A major difficulty with designing procedural sedation clinical trials for the detection of AEs or outcomes is their rarity. From QI databases, overall AEs related to the sedation are approximately 5%.8,38,39 To have 80% power to show a relative risk reduction of 20% (eg, from 5% to 4%) would require a clinical trial of >10,000 patients. Obviously, specific AEs or outcomes are less frequent and would require even larger studies. Such large studies are not common in phase 3, and thus it is necessary to have reliable postmarketing surveillance and to consider the use of large simple trial designs for both phase 3 and 4 studies.40 For novel therapeutics approved between 2001 and 2010, such surveillance has resulted in a high incidence of postmarket approval safety events.41 As more data become available from multiple studies, the use of meta-analysis may provide better estimates of the incidence of AEs, perhaps especially those that are relatively rare (eg, see recent Cochrane Library reviews on propofol42,43). Because the inclusion of studies into a meta-analysis is facilitated by commonality in the reporting of outcomes, we recommend continued attention to standardizing the recording and reporting of AEs.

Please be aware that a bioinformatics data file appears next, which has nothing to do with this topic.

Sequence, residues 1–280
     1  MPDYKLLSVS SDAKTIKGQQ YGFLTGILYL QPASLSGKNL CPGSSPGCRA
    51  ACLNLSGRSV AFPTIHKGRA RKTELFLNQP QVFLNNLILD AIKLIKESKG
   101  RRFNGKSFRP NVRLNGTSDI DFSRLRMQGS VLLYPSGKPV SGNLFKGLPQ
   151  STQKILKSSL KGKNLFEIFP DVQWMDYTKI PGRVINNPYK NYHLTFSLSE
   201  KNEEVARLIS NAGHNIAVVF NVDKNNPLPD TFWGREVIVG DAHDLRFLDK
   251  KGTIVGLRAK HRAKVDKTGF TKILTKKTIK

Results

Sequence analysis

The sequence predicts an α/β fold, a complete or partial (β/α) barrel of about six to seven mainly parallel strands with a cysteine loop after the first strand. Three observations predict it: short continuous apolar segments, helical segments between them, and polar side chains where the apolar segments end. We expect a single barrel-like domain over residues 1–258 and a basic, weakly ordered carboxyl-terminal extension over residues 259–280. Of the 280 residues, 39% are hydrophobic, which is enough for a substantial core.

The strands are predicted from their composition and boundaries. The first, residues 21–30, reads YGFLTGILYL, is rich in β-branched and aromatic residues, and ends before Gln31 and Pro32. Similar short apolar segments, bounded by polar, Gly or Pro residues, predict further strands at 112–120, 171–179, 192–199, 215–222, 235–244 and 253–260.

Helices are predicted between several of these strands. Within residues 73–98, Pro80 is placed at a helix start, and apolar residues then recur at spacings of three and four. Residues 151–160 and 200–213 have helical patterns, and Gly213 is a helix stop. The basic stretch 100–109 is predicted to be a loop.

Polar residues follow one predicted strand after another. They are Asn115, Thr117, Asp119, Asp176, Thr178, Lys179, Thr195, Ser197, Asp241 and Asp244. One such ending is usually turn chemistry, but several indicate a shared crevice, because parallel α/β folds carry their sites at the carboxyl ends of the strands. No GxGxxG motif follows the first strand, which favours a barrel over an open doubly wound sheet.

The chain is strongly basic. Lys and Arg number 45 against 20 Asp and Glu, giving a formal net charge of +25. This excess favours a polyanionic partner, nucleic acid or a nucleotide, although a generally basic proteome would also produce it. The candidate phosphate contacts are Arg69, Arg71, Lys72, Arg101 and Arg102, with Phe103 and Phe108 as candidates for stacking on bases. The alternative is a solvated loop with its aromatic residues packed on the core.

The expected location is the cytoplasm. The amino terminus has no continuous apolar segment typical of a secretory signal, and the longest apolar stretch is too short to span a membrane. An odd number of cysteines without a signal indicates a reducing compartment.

A decade ago, Miner and Krauss44 emphasized that, “because the technique and goals of the operator affect the chance of an AE, evaluation of differences in complication rates between studies from different institutions has been difficult.” They stressed the need for clinical trials “with standardized sedation protocols, standardized AE reporting and standardized outcome measures to establish the true complication rate for each sedation level, drug, and procedure ….” Our recommendations differ from the previous study that emphasized QI data, in that we focus on the measurements that need to be made in prospective clinical trials. It is hoped that the recommendations listed in the Table and the previous SCEPTER recommendations on efficacy1 will help with the still-needed standardization of the design and reporting of procedural sedation clinical trials. Because a standardized or even a pragmatic trial design may result in detecting a lower rate of AEs than would be found in actual clinical practice, careful postmarketing surveillance will still be needed. It is hoped that improved preapproval clinical trials may help to reduce patient injury after regulatory approval.